December 3, 2010
These are the graphic novels I have been raving about this year to friends, family, and blog readers. I am honored to have several of these books featured in the Book Notes series.
What was your favorite graphic novel of 2010?
I first reviewed Shaw's Bodyworld when he shared his Book Notes music playlist for the webcomic:
"BodyWorld is a serialized graphic novel by Dash Shaw, one of my favorite cartoonists, and its fast-moving storyline and Shaw's attention to detail set it apart from other webcomics and make it a regular Tuesday read as new installments are posted."
The webcomic in book form is just as impressive (though it lacks the online version's innovative right-scrolling feature) and beautifully produced, arguably the most visually striking book I have seen published this year. Shaw is one of comics brightest young talents, and Bodyworld's surreal dystopian storyline is both fascinating and enveloping. This book should attract comics fans who also enjoyed David Mazzucchelli's Asterios Polyp.
After reading Dark Rain, I can honestly say that Mat Johnson has become one of my favorite comics writers. His graphic novel Incognegro wowed me a couple of years ago, and Dark Rain is equally impressive.
Dark Rain is more than the story of two ex-cons and their New Orleans bank heist in the aftermath of Hurricane Katrina. Johnson draws both the good and bad of the post-Katrina landscape in his characters, while illustrator Simon Gane's pen and ink artwork enhances the story without ever overpowering it.
Easily my favorite graphic novel of the year, How to Understand Israel in 60 Days or Less is Sarah Glidden's unflinchingly honest account of her birthright trip to Israel.
Matt Kindt's graphic novel Revolver splits one man's life into two worlds. One is the mundane drudgery of dead-end work and an unfulfilling life, the other a fantastic existence where he can truly make a difference in a land troubled by terrorism and chaos.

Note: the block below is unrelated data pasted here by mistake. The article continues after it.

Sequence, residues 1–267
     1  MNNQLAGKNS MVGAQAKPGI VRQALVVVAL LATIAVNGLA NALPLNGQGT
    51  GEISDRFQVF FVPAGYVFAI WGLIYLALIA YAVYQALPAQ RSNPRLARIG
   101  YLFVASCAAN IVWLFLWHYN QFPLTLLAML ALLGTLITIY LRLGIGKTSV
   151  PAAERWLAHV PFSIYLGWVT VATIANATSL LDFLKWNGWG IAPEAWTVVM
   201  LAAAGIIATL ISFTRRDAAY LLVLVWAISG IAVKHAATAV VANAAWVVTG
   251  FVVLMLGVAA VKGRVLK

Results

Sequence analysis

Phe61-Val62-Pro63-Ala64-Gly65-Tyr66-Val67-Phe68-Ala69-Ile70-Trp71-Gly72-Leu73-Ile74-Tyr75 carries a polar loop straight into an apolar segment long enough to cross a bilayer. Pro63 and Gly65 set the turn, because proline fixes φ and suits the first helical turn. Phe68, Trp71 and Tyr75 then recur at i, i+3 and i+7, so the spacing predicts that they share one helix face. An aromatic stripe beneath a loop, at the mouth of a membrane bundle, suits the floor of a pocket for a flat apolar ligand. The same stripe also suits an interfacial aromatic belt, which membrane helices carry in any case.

Kindt's artwork propels the story with its sketch-like qualities, and the addition of news tickers (as well as radio and television announcements) add depth to the story. Revolver is a gripping psychological thriller, filled with suspense about the true nature of the two worlds. Kindt expertly shares his protagonist's tensions (both mundane and fantastic), easily making Revolver one of the year's most surprising and thought-provoking graphic novels.
I have been creating a list of my favorite graphic novels of all time, and as the list grows smaller, one title remains near the top of the pile. Cathy Malkasian's debut, Percy Gloom, skillfully told (and illustrated) its story, and wholly transported the reader into an alternative world.
Malkasian is back with another stellar graphic novel, Temperance, a dark and literate dystopian fable centered on themes of violence and control.
Of all the comics and graphic novels coming out this year, Wilson is easily the one I anticipated most. I have read Daniel Clowes' comics for years and am a great fan of his work, so my expectations were high. Then my friend Benn Ray from Baltimore's Atomic Books praised the book as part of this site's weekly new comics previews.
Wilson exceeded my lofty expectations. In a series of one-page comic strips of varying styles, Clowes tells the tale of the misanthropic Wilson. In a book filled with dark humor, Clowes builds empathy for the curmudgeonly Wilson and draws the reader into his life as this portrait grows in both depth and richness. Masterfully told and deceptively engaging, Wilson is a marvelous and ambitious graphic novel.
also at Largehearted Boy:
online "best of 2010" book lists
previous lists at Largehearted Boy
Antiheroines (interviews with up and coming female comics artists)
Book Notes (authors create playlists for their book)
Note Books (musicians discuss literature)
guest book reviews
52 Books, 52 Weeks book reviews
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